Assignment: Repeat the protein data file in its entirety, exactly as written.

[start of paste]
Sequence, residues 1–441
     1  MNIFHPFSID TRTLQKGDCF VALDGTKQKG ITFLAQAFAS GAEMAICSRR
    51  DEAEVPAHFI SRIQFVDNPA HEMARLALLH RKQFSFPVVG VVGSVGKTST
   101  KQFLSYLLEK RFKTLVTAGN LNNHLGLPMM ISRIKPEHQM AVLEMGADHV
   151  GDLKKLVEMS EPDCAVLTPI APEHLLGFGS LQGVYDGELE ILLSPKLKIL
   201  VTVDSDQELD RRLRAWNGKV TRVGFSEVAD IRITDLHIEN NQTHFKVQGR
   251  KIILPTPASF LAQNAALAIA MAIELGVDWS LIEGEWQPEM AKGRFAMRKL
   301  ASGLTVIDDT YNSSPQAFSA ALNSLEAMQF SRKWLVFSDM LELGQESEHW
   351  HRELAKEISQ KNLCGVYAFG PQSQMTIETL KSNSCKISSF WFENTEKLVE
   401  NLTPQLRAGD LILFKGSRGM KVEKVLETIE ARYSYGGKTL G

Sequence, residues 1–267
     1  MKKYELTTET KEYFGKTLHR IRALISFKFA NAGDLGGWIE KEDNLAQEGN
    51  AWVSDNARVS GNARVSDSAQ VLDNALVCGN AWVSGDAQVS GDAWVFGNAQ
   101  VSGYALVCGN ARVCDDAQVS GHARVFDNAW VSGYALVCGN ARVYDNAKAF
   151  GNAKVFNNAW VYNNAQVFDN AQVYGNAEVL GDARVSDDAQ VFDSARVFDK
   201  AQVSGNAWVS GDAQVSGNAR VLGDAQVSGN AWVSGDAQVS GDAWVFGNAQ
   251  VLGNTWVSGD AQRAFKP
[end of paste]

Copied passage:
Sequence, residues 1–441
     1  MNIFHPFSID TRTLQKGDCF VALDGTKQKG ITFLAQAFAS GAEMAICSRR
    51  DEAEVPAHFI SRIQFVDNPA HEMARLALLH RKQFSFPVVG VVGSVGKTST
   101  KQFLSYLLEK RFKTLVTAGN LNNHLGLPMM ISRIKPEHQM AVLEMGADHV
   151  GDLKKLVEMS EPDCAVLTPI APEHLLGFGS LQGVYDGELE ILLSPKLKIL
   201  VTVDSDQELD RRLRAWNGKV TRVGFSEVAD IRITDLHIEN NQTHFKVQGR
   251  KIILPTPASF LAQNAALAIA MAIELGVDWS LIEGEWQPEM AKGRFAMRKL
   301  ASGLTVIDDT YNSSPQAFSA ALNSLEAMQF SRKWLVFSDM LELGQESEHW
   351  HRELAKEISQ KNLCGVYAFG PQSQMTIETL KSNSCKISSF WFENTEKLVE
   401  NLTPQLRAGD LILFKGSRGM KVEKVLETIE ARYSYGGKTL G

Sequence, residues 1–267
     1  MKKYELTTET KEYFGKTLHR IRALISFKFA NAGDLGGWIE KEDNLAQEGN
    51  AWVSDNARVS GNARVSDSAQ VLDNALVCGN AWVSGDAQVS GDAWVFGNAQ
   101  VSGYALVCGN ARVCDDAQVS GHARVFDNAW VSGYALVCGN ARVYDNAKAF
   151  GNAKVFNNAW VYNNAQVFDN AQVYGNAEVL GDARVSDDAQ VFDSARVFDK
   201  AQVSGNAWVS GDAQVSGNAR VLGDAQVSGN AWVSGDAQVS GDAWVFGNAQ
   251  VLGNTWVSGD AQRAFKP